Manchester Metropolitan University's Research Repository

Pulmonary O2 uptake on-kinetics in endurance- and sprint-trained master athletes

Berger, Nicolas J.A. and Rittweger, Joern and Kwiet, Ariane J. and Michaelis, Ingo and Williams, Alun G. and Tolfrey, Keith and Jones, Andrew M. (2006) Pulmonary O2 uptake on-kinetics in endurance- and sprint-trained master athletes. International journal of sports medicine, 27 (12). pp. 1005-1012. ISSN 0172-4622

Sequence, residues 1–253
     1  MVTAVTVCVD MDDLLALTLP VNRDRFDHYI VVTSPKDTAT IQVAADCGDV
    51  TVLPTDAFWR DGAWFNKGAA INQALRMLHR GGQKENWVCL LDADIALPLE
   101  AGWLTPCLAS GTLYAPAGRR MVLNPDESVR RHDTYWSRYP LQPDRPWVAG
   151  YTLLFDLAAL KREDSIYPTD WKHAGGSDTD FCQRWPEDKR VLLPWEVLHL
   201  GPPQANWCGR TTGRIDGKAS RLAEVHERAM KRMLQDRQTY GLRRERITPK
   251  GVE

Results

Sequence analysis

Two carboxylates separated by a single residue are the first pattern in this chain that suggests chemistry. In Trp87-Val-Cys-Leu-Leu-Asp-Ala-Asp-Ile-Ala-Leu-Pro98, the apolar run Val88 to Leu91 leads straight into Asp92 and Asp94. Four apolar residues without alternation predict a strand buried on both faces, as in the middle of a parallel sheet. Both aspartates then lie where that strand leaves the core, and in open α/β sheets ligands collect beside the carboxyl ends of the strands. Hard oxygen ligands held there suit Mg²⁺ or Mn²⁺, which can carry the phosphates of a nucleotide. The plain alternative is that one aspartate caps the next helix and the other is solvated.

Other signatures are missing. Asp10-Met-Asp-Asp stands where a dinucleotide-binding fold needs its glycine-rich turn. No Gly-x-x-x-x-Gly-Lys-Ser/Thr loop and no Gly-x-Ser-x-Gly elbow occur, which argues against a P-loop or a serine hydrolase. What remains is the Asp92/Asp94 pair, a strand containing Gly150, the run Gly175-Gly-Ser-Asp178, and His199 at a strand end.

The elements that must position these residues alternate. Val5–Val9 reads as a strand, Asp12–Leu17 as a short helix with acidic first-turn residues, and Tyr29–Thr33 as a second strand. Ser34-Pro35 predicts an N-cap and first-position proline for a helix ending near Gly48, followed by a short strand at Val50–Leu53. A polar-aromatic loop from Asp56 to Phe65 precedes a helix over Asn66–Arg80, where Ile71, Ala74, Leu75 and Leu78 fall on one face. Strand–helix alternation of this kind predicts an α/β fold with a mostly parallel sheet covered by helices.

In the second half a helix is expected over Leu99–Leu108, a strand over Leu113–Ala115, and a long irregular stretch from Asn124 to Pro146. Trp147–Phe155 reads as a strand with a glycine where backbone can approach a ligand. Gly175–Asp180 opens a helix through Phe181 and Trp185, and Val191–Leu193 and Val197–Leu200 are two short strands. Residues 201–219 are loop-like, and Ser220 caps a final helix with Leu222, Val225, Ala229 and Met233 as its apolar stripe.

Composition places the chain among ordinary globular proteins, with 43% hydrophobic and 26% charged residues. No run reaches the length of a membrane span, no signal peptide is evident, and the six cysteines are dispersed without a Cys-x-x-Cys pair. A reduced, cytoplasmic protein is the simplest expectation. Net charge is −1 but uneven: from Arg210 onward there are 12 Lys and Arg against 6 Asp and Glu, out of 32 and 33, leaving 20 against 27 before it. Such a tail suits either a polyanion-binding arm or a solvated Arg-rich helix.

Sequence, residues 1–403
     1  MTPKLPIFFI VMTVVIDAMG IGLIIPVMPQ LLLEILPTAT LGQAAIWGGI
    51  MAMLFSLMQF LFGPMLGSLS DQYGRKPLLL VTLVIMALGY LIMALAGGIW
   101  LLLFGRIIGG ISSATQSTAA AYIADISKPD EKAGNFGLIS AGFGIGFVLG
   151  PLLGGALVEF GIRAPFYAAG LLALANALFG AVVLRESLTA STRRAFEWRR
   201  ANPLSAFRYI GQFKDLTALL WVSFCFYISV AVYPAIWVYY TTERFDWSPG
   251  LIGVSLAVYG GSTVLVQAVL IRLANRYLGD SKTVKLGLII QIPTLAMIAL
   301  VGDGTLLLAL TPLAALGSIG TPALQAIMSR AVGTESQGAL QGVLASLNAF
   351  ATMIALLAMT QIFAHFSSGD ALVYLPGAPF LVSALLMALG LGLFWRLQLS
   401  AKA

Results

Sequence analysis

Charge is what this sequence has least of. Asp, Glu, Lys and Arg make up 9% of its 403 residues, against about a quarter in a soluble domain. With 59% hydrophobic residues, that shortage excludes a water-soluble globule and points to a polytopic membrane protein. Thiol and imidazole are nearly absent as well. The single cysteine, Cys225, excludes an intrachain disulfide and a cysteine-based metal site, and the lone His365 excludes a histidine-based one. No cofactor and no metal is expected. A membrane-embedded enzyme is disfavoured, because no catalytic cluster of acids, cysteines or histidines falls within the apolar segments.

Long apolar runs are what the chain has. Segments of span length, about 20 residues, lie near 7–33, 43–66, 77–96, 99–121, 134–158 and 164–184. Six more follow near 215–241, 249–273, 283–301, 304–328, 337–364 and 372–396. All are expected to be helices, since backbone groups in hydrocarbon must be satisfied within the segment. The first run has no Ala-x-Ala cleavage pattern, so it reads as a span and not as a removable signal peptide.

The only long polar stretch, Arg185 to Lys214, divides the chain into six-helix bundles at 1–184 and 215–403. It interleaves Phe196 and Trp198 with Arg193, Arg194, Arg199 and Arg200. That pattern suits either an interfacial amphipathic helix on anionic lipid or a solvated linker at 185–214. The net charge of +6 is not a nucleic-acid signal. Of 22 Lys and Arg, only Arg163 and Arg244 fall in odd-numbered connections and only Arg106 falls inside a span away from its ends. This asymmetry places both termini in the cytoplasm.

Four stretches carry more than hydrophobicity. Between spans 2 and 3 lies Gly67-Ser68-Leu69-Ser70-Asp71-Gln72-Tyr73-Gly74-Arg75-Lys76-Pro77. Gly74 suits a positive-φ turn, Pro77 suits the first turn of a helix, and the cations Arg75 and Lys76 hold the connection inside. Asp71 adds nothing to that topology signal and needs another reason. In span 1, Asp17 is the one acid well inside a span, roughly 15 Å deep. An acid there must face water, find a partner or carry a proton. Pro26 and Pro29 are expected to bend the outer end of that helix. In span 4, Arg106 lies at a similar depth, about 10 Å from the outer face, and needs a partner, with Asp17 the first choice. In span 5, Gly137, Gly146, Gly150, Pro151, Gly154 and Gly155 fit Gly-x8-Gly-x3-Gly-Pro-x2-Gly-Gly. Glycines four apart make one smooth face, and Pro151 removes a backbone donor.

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The purpose of this study was to characterise the V.O (2) kinetic response to moderate intensity cycle exercise in endurance-trained (END) and sprint or power-trained (SPR) track and field master athletes ranging in age from 45 to 85 years. We hypothesised that the time constant (tau) describing the Phase II V.O (2) on-response would be smaller in the END compared to the SPR athletes, and that the tau would become greater with increasing age in both groups. Eighty-four master athletes who were competing at either the British or European Veteran Athletics Championships acted as subjects, and were classified as either END (800 m - marathon; n = 41), or SPR (100 - 400 m and field events; n = 43) specialists. Subjects completed two 6 minute "step" transitions to a work rate of moderate intensity on a cycle ergometer and pulmonary gas exchange was measured breath-by-breath. Analysis of variance revealed that SPR athletes had slower V.O (2) on-kinetics (i.e., greater tau) compared to END athletes at each of the age groups studied: 46 - 55 yrs (END: 25 +/- 6 VS. SPR: 36 +/- 9 s; p < 0.10), 56 - 65 yrs (END: 25 +/- 5 VS. SPR: 35 +/- 10 s; p < 0.05), 66 - 75 yrs (END: 29 +/- 10 VS. SPR: 40 +/- 13 s; p < 0.05), and 76 - 85 yrs (END: 31 +/- 10 VS. SPR: 51 +/- 18 s; p < 0.05). The V.O (2) on-kinetics became slower with advancing age in the SPR athletes (p < 0.05 between 56 - 65 and 76 - 85 yrs) but were not significantly changed in the END athletes. The slower V.O (2) on-kinetics in SPR compared to END master athletes is consistent both with differences in physiology (e.g., muscle fibre type, oxidative/glycolytic capacity) and training between these specialist athletes. Master END athletes have similar tau values to their younger counterparts ( approximately 25 s) suggesting that participation in endurance exercise training limits the slowing of V.O (2) on-kinetics with age in this population.

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